Hi-Res Reality Check
16/44 vs Hi-Res: Can you hear the difference?
Better still, can the difference improve recording quality?
By David Solomon - Vice President, Qobuz
The idea of streaming bit-perfect Hi-Res audio has been a dream of music lovers for many years and now it’s not only possible, but a reality. The Hi-Res albums that many of us bought for big money are almost all available on Qobuz for the price of a subscription.
Now that they are available, many forums on social media are posting confusing information that has little to do with the actual practical application of recording music in Hi-Res.
Perfect digital and theoretical numbers are quoted all the time regarding digital audio. “Can you hear the difference between 16/44 and Hi-Res recordings?” Then they quote the 16/44 TOP spec of 96dB signal-to-noise (dynamic range) and up to about 20kHz frequency response, but these often-quoted top digital specs have never been achieved and are purely theoretical. Many will take these numbers as a reality in the playback process. They are not. In reality, and in practical usage, the very best Redbook CDs usually top out at 700-1,000 Kbps. Some even lower. 16/44 in a perfect world would yield 1,411Kbps to achieve the dynamic range quoted in the sites that say 16/44 is more than enough resolution and dynamic range. And while a perfect 16/44 recording could produce 96dB of dynamic range, there are no 96dB dynamic range CDs.
Qobuz offers the richest catalogue of Hi-Res music for
streaming and download.
So, if you ever want to achieve the specs of a 16/44 recording at its highest level, it’s much more likely to happen with a 24-bit slate. Everything needs headroom. If you want to drive a car at 70 mph, you don’t buy one with a top speed of 70 mph. By the same token, if you want to hear what 16/44 can really do, you don’t start out with a max 16/44 recording.
Hi-Res, by comparison, is a much better tool for recording engineers so they have headroom during the recording process, so they make a better recording to begin with. Recording in 24/96 will not yield 144dB dynamic range because there's no system that could deal with that kind of swing, or any mic that could capture it. However, Hi-Res does give engineers more room to record before clipping the digital signal trying to get too close to its top range.
We've all heard very skilled engineers produce some astonishing 16/44 content in the early days of CDs. They were somewhat rare, but now young engineers on digital audio workstations are getting great results in their bedroom recording in Hi-Res, because of this headroom now afforded. One such recording is Billie Eilish's Don’t Smile at Me, recorded by her brother in a room in their house. Take a listen here. Until recently, it was near impossible to get a recording that sounded this good unless you were at a top studio with a top shelf engineering staff.
Hi-Res simply makes it easier for engineers to make great recordings. If you've been paying attention to original recordings in the last five years, we've come a long way and the sound quality of a music file is likely to be much more relaxed and extended these days than in say 1990. We now have some of the best recordings ever made because of Hi-Res and almost everything is being released today is with extended resolution.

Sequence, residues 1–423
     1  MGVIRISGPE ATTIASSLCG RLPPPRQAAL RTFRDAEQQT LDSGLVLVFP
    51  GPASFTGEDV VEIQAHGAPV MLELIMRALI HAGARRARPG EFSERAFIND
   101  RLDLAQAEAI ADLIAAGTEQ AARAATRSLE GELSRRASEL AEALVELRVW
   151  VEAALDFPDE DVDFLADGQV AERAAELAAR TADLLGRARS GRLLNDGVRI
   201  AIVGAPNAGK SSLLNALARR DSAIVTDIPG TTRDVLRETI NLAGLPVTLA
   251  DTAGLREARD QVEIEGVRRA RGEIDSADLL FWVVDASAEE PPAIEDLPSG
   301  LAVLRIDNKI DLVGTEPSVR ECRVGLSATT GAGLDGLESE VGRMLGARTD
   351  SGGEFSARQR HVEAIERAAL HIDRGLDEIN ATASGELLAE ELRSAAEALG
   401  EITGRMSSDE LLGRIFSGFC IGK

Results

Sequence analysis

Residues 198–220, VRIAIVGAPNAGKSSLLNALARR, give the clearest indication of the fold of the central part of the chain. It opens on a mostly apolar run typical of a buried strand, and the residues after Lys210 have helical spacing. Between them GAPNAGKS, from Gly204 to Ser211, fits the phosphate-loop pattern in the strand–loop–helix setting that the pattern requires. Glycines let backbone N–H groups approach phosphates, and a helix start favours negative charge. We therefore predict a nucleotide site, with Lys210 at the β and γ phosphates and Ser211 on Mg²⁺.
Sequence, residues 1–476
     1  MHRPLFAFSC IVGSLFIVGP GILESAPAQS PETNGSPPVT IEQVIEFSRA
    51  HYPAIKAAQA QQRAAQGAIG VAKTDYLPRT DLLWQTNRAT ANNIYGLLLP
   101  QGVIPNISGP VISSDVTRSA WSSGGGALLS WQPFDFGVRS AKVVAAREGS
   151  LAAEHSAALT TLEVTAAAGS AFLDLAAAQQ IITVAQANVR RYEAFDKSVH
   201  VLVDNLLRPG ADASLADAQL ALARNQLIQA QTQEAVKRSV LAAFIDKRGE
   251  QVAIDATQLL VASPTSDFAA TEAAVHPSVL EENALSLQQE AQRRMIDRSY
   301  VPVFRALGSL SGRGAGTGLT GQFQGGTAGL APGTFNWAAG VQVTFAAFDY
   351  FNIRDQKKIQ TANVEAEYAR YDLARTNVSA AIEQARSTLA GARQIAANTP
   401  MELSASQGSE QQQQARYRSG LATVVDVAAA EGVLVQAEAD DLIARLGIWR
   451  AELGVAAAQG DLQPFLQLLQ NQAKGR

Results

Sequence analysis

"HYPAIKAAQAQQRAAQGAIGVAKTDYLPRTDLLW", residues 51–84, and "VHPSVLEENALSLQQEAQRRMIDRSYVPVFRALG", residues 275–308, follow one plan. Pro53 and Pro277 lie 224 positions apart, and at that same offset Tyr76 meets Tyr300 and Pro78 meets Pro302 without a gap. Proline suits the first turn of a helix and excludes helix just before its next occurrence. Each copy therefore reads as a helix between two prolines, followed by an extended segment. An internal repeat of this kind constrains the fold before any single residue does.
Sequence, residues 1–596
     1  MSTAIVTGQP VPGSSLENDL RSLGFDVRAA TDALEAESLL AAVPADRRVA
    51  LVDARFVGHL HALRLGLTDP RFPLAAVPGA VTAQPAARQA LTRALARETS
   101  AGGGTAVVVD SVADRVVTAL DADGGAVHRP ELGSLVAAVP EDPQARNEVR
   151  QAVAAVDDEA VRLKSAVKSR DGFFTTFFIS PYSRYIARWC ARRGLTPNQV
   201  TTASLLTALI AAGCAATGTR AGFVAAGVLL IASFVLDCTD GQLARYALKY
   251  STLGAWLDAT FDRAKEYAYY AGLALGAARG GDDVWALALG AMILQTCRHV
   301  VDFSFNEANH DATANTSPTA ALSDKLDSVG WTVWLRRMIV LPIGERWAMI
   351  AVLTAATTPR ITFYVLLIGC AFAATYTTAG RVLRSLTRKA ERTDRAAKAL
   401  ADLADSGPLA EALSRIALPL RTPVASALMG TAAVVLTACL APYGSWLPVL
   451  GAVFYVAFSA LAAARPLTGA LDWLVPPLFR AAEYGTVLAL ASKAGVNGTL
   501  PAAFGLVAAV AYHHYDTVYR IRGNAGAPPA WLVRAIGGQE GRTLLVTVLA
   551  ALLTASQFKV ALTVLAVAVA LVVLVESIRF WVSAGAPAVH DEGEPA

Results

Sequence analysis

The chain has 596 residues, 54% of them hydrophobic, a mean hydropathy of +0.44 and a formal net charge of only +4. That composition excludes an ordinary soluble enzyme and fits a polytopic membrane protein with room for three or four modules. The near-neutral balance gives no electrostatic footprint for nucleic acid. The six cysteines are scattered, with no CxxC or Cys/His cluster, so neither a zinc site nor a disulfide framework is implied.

If you then take one of these exceptional Hi-Res recordings down to 16/44, not many would detect a big difference, but that's not really the point. 16/44 is no longer even a standard and has no reason to exist. So why would anyone want to take the original Hi-Res recording and convert it at all? We now have the space, we have the speed, and we have Hi-Res music services. Just push the button and enjoy.
Older recordings can benefit from Hi-Res as well, and many are very well done. These Hi-Res recordings are the ones we bought, and prior to streaming were highly sought after and quite expensive.
One of my favorite vintage recordings is Illinois Jacket, Swing’s the Thing. This was released in 1957 and the Hi-Res version is much better than the 16-bit version. We have them both on Qobuz. So it’s an easy process.
Another is the 1963 classic, Midnight Blue by the great Kenny Burrell.
Having said this, there are plenty of albums that have been re-released that sound no better and sometimes worse than the original. I don't like it, but that's how some of the labels have dealt with their older content. Going forward, there's not much reason to re-release current Hi-Res albums, because it’s likely they will stand the test of time and sound great the way it was recorded.
Bill Schnee, Grammy-winning engineer who has a discography of more than 500 albums, including Steely Dan’s Gaucho, says that the first time he recorded in Hi-Res was the first time the glass was removed in the studio between himself and the musicians.
Here's a release that has much better sound quality than the original 16-bit version. Both are on Qobuz for easy comparison.
This is a great time to be alive if you're a music lover, but Hi-Res recording is not about theoretical numbers or the resolution you choose to play it back in. It's about the undeniable leap in recording quality and the benefit you get from that part of the process. So yes, in listening and in practical terms, Hi-Res does make a big difference.
So the next time you hear or read that systems can’t keep up with Hi-Res, know that it doesn’t have to keep up with theoretical numbers. Your system just has to play back what is now possible. That is simply better sound from the original source itself.